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Why Apple wants to shrink the iPad

It’s been a year since Steve Jobs died, but one of his last legacies — the iPad mini — is reportedly working its way through development, and Apple watchers say it could be another game changer.

The late Apple CEO at one time hated the idea of a shrunken-down version of the tablet. But Jobs reportedly warmed to the idea he once scoffed was “dead on arrival” — and Asian suppliers for Apple have started mass production of a new tablet smaller than the current iPad, according to a report this month in the Wall Street Journal. In fact, some analysts say a mini-iPad could eventually outsell the original iPad. “We expect Apple to maintain the iconic aesthetics of the current iPad and blow away what competitors are offering in this smaller form-factor tablet market,” says Brian White, an analyst with Topeka Capital Markets.

Why all the love for less iPad? Some experts believe that the new tablet, which will reportedly have a 7.85-inch liquid crystal display (compared to 9.7 inches for the iPad3) will be superior in many ways to the current 7-inch tablets on the market. For starters, the iPad mini will have access to the 680,000 apps that are designed to work with Apple’s suite of products — or “ecosystem” –as well as with tools and platforms like the iTunes music store, iCloud virtual storage system and Apple TV. It’s more difficult for developers to design apps for multiple Android tablets, says Yung Trang, president of TechBargains.com. “Therefore the quality of Apple apps is generally better,” he says. What’s more, Apple’s operating system is more intuitive than many Android tablets, Trang says.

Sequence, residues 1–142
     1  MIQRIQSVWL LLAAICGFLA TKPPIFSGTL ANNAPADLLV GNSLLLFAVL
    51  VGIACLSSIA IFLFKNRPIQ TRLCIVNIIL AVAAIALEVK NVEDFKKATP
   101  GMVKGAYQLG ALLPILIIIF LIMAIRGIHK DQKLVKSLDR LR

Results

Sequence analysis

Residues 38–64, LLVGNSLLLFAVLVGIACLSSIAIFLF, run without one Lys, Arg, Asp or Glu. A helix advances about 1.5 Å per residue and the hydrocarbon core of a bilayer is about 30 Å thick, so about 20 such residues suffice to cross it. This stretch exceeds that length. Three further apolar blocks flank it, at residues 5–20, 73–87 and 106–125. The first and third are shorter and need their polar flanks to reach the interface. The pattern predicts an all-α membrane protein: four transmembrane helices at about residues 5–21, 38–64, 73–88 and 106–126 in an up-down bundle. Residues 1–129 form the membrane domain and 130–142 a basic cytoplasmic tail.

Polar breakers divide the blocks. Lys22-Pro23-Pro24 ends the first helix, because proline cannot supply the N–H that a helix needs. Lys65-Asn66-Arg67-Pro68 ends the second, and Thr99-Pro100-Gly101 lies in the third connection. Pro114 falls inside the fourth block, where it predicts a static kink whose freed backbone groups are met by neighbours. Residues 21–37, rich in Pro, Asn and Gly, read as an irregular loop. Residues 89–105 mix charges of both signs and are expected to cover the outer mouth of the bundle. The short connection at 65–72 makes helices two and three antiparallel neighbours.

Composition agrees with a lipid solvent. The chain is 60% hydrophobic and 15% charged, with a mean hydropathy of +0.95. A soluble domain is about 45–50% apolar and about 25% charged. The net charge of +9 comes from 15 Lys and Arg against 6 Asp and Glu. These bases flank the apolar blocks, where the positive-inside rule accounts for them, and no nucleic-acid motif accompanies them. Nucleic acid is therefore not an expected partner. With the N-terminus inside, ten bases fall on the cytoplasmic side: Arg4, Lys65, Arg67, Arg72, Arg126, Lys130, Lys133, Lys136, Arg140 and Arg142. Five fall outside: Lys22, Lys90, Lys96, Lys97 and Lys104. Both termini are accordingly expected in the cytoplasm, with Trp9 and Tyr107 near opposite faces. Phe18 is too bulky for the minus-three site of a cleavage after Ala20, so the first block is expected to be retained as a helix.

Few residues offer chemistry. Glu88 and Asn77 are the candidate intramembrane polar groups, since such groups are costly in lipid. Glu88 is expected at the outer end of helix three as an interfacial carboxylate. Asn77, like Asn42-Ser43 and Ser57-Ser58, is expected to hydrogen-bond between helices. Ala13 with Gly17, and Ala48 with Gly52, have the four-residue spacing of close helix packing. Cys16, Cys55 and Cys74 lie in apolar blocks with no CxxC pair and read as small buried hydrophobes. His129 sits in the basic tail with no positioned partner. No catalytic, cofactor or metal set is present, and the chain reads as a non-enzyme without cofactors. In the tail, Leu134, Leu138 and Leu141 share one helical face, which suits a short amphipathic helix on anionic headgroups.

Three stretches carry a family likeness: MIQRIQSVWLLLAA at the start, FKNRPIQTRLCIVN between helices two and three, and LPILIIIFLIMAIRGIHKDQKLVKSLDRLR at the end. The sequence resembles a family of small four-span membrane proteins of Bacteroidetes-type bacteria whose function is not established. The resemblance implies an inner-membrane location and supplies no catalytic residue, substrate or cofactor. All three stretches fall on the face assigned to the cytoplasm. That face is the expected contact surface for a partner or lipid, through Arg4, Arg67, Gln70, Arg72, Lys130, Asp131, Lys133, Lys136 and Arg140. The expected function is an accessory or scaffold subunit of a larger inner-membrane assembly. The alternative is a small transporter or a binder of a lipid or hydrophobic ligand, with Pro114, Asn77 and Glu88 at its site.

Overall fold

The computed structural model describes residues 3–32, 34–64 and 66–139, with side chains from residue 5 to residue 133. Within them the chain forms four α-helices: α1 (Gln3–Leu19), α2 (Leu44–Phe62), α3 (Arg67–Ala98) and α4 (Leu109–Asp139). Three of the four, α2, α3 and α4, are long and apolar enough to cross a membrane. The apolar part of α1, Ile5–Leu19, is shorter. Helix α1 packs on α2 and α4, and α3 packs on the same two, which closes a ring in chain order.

Of course, it’s unlikely to beat smaller tablets in some key areas. For one thing, many tech pros expect the littler iPad will still outweigh other small tablets (the iPad 3 came under fire from critics who claimed its weight – at 652 grams, it’s 20% heavier than the 9-inch Nook HD from Barnes & Noble – made it difficult to carry and read.) Others argue that Amazon’s Kindle Fire and the 7-inch Nook HD will continue to attract more cost-conscious consumers; both sell for $199. It’s unclear what price tag the smaller iPad will fetch, but it will most likely be the most expensive small tablet on the market, says technology analyst Jeff Kagan.

Apple fans may not care. More than half of consumers say they’d be willing to pay $250 to $300 for a smaller iPad,  according to a recent survey by price comparison website PriceGrabber.com.


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